Levelling Up Fund
The Winnington Bridge Corridor
The Winnington Bridge Corridor has not received funding from the Department for Levelling Up, Housing and Communities' Levelling Up Fund despite us putting forward a strong case for investment.
The Winnington Bridge Corridor will provide a replacement for a failing single-track Grade II Listed Bridge over the River Weaver and provide improvements at several junctions along Winnington Lane to Northwich town centre.
The improvements will alleviate a key pinch point which causes significant congestion across the area and will convert the existing bridge into a segregated route for cyclists and pedestrians. The aim is to make travel times by car or bus more reliable for residents, improve the environment for cyclists and walkers and ensure that the transport network can cope with new housing and business growth.
We sought Government support and endorsement of its approach for the Winnington Bridge Corridor via a Levelling Up application of £45.8 million. The engineering work is complex, and work will take place over several years. Inflation has been considered to ensure there is enough funding available if prices rise further.
For many years, residents have been frustrated with the current transport network. The three-way signal junction at the existing bridge causes significant congestion which in turn causes emissions which deter cycling and walking. Businesses are concerned that the unreliability of travel makes it difficult to plan deliveries and can deter people from working in the area.
The existing bridge is now failing and requires significant investment every year to keep it open. Weight and other restrictions will be required to be implemented to keep it operational over the next five years, and if it closed or if weight restrictions were introduced, this would result in extra miles and cost for every journey.
In addition, over the last few years Northwich has seen interest from developers for new housing and business growth. New residents and local employment will bring new footfall to the town centre to help shops and restaurants, but to benefit everybody the infrastructure needs to be up to standard so that any new housing doesn't just generate inconvenience for local people.
The Winnington Corridor project aims to address these challenges and provide an improved road network with new cycling and walking routes increase movement by sustainable healthy modes and help future-proof the area.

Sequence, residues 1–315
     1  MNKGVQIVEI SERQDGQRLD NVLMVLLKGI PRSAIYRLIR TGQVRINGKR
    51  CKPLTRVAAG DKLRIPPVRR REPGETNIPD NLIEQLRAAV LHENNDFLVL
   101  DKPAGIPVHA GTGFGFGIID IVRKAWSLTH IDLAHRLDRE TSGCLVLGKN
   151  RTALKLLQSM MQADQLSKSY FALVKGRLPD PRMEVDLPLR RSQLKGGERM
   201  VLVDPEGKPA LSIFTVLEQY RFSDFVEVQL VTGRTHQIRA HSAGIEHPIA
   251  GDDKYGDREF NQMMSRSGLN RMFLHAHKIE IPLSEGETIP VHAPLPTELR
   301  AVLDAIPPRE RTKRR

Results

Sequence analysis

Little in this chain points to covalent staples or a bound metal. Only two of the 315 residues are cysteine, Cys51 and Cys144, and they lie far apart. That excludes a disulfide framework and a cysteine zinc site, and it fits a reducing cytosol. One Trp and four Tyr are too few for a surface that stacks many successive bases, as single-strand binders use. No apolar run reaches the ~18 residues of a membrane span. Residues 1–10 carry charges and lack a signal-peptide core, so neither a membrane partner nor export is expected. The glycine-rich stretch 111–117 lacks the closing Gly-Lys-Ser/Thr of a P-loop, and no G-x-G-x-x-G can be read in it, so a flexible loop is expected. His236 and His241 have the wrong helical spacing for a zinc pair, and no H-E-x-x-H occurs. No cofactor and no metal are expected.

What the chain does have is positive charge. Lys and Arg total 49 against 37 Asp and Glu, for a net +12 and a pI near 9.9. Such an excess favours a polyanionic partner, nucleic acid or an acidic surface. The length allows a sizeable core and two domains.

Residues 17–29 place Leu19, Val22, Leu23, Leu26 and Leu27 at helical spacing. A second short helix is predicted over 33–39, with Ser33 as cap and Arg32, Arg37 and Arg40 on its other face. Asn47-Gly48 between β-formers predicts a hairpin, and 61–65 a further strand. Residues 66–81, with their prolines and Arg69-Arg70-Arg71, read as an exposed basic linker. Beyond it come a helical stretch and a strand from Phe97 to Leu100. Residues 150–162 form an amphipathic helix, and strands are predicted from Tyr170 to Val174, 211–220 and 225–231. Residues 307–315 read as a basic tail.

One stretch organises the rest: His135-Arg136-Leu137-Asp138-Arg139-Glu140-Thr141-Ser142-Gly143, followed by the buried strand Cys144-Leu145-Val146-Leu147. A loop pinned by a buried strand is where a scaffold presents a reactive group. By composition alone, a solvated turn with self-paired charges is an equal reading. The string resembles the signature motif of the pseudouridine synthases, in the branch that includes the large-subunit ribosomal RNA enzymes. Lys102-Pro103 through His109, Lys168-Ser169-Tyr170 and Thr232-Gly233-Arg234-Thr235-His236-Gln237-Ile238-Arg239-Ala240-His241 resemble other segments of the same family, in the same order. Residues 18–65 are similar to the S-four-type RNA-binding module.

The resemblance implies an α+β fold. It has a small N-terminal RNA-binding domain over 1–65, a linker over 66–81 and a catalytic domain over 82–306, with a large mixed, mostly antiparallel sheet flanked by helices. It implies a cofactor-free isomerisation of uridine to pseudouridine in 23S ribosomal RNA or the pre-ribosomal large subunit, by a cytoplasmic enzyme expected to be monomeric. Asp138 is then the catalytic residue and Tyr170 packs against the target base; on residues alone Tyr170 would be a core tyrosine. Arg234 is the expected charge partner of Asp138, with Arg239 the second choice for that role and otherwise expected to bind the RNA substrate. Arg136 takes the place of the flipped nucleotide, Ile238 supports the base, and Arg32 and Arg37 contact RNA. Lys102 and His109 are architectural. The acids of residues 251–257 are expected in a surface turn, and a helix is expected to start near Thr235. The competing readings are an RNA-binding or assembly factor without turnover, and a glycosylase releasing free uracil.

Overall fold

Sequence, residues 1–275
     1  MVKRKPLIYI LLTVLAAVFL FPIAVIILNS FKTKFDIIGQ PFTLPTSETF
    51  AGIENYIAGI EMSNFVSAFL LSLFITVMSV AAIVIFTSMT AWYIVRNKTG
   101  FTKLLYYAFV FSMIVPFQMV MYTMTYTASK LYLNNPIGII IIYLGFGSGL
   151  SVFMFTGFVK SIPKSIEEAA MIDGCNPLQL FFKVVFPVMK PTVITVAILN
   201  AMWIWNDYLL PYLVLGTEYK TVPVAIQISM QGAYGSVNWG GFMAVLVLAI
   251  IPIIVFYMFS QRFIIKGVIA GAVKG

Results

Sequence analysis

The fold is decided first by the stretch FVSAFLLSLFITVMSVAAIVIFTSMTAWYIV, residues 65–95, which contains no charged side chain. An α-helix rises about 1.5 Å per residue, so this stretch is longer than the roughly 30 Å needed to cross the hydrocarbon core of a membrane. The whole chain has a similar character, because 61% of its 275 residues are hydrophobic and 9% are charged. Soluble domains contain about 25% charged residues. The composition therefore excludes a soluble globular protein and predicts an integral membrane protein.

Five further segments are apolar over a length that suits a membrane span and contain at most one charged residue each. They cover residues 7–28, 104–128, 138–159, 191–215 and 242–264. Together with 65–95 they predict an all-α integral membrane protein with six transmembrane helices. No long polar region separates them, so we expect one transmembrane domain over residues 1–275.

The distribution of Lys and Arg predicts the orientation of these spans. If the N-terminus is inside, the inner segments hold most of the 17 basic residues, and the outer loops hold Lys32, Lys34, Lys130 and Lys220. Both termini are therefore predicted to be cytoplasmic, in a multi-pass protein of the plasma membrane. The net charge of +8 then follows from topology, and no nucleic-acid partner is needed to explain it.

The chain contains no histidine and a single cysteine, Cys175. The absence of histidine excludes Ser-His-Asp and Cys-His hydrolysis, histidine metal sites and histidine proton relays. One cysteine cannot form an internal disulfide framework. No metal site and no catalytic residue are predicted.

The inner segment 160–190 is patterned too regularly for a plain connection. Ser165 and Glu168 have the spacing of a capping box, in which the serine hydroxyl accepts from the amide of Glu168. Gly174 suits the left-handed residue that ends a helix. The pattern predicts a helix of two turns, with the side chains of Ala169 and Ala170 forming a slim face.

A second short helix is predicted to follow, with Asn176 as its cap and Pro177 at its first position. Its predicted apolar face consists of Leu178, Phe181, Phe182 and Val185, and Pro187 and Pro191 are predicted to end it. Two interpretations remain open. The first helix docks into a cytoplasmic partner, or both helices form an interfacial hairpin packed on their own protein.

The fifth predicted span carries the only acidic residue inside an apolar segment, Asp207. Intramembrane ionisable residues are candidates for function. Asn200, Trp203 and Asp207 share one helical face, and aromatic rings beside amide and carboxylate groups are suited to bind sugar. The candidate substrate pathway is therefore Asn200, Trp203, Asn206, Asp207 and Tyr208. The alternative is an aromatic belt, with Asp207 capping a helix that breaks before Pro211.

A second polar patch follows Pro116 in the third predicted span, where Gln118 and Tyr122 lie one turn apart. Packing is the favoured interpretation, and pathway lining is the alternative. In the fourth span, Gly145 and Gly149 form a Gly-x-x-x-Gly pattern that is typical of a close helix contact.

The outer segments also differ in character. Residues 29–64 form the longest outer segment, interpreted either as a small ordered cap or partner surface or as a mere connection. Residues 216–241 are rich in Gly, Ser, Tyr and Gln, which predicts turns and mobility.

An important part of the funding application is that the project has support from local people, stakeholders, and the local Member of Parliament.
The project has strong support from both local Members of Parliament, as the bridge spans both their constituencies.
Many businesses are supporting the proposals including Tata Chemicals Europe, EcoLabs and Cygnet Texkimp as well as the three Business Improvement Districts: Gadbrook Park, Northwich and Winsford industrial area who combined represent over 900 businesses as well as Cheshire and Warrington Local Enterprise Partnership.
Northwich Town Council, Barnton Parish Council and the Canal and River Trust are all supportive too. The project evolved from a petition from residents in 2015 and an extensive consultation with residents as part of the Northwich Transport Strategy in 2018.
We have secured a broad consensus of cross-party support and is aiming to deliver this scheme to directly address the needs identified by local people and businesses.
The improvements will lead to significant tangible benefits for Northwich and rural north Cheshire. These include:
- Significant reduction of congestion, improving journey time reliability for all vehicles, including bus journeys, halving the journey time from Barnton to Northwich town centre. Given the proximity of the Victoria Infirmary, it will improve accessibility to essential healthcare facilities.
- Provision of segregated cycle and pedestrian route at the River Weaver plus the wider corridor improvements. This will improve both actual and perceived safety for cyclists and walkers which is likely to lead to an increase in 'active travel' which can both help resident's health as well as further reducing traffic on the roads.
- The scheme will remove the risk that the old bridge will fail while still being used as a major route which would lead to lengthy detours and associated costs.
- The project will help 'level-up' business growth, it will help prevent the relocation of firms/jobs to outside the area and attract new investment. Tata Chemicals Europe are planning to invest a further £40m into their development of the UK's first industrial scale carbon neutral sodium bicarbonate plant, a key milestone in the race to meet the UK's net zero targets and this will safeguard 1,300 jobs, create 236 new full-time positions, and support over 1,000 jobs in supply chain businesses in Northwich. In addition, other key manufacturers have growth and investment plans but feel their businesses are being held back by the existing network which reduces their productivity, reliability of logistics and ability to recruit staff.